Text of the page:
Rafat Ali has made huge strides in bootstrapping his four year-old PaidContent into the “must read” for the entire digital media industry.  When I caught up with the pioneering journalist this week in Manhattan, I asked him how he has succeeded in ways that traditional media hasn’t.

He was clear that journalists are the greatest impediment to media companies embracing digital communications tools such as podcasts, vlogs. He says many are stuck in a comfortable mindset and resistant to change.

But he does acknowledge that it’s often not the journalists who are the roadblocks, but the companies themselves. He says that many journalists want to be involved with multi-media news gathering but are limited by their superiors; he cites a few senior journalists at Time magazine who want to use digital media but are not permitted.

Another barrier for media companies who want to embrace digital media is journalism unions – when print journalists begin taking pictures or capturing footage is that trespassing on the territory of photo journalists?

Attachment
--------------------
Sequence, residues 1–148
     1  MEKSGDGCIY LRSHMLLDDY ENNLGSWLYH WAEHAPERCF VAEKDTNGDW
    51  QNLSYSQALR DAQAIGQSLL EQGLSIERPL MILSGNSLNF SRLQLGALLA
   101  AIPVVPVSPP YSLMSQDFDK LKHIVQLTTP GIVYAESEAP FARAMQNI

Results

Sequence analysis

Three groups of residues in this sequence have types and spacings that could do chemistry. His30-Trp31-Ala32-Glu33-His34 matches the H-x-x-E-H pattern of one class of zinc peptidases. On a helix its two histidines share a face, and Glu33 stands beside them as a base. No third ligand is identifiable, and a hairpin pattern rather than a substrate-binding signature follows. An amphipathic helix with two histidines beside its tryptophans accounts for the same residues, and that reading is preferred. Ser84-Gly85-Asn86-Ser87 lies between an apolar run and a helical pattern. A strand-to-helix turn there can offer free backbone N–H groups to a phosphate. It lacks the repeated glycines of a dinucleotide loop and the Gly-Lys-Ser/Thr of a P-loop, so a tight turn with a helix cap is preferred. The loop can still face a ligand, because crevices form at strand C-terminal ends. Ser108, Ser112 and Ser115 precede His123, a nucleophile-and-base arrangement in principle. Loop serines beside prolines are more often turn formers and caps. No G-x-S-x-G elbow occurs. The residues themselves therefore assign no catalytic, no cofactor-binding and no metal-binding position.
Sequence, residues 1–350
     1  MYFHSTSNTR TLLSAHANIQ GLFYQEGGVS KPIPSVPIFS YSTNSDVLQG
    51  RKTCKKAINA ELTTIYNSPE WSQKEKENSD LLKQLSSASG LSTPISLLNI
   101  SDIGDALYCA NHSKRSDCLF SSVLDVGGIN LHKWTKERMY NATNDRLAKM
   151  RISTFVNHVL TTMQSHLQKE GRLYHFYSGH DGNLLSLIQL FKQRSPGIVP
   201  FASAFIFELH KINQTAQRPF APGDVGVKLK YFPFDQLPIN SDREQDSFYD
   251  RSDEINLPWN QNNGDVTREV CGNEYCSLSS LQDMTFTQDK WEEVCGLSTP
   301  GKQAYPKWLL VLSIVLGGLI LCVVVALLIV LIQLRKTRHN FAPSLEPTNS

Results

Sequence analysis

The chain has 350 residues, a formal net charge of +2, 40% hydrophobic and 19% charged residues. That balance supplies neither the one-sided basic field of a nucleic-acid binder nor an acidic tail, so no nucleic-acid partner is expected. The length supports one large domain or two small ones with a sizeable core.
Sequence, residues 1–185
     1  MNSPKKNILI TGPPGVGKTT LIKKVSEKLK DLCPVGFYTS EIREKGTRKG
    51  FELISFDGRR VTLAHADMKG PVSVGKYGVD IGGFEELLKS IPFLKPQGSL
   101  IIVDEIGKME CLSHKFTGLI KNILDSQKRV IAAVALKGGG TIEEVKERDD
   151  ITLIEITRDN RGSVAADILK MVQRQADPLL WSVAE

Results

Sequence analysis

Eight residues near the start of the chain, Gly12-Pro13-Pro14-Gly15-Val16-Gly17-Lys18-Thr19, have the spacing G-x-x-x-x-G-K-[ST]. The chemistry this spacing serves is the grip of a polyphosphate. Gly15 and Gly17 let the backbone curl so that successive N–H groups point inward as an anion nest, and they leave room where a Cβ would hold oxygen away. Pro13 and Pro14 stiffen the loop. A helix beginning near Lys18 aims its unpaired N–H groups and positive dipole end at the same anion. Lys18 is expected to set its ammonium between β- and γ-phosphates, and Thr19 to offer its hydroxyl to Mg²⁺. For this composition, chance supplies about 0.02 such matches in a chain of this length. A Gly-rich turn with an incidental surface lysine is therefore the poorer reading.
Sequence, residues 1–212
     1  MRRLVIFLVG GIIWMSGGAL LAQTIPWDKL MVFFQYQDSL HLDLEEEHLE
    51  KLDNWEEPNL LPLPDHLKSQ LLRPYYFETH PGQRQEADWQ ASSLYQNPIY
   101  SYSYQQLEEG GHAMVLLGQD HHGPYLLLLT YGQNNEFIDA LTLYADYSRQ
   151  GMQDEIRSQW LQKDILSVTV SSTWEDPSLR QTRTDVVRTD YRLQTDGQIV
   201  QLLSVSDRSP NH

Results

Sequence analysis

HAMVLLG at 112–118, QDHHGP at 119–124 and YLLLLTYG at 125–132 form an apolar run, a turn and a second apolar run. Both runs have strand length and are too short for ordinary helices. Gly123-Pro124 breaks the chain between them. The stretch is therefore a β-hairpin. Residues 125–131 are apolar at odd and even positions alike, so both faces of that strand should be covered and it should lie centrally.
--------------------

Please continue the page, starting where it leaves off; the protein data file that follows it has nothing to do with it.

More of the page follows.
Rafat is confident that once journalists embrace the creative possibilities of new media tools there will be no going back. He describes them as addictive as crack – something The Beet can attest to.

— Andy Plesser

Other relevant news of interest to The Beet’s readers:

>>The New York Times reports on Pando, a new program that allows you to send files of any size (including video!) via email.  Pando’s co-founder and CEO, Robert Levitan, is a neighbor in The Beet’s Manhattan office building.

>> Valleywag has a humorous post catagorizing all of the vloggs you’re likely to encounter in the vloggosphere. Don’t leave home without it.

>> Cable companies are developing online video components. Peter Grant at the Wall Street Journal reports (subscription required to access article). 

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The New York Times Online editor Len Apcar is an editor that IS encouraging his journalists to use digital media. See Beet.TV’s earlier posts on David Carr and David Pogue to see how.

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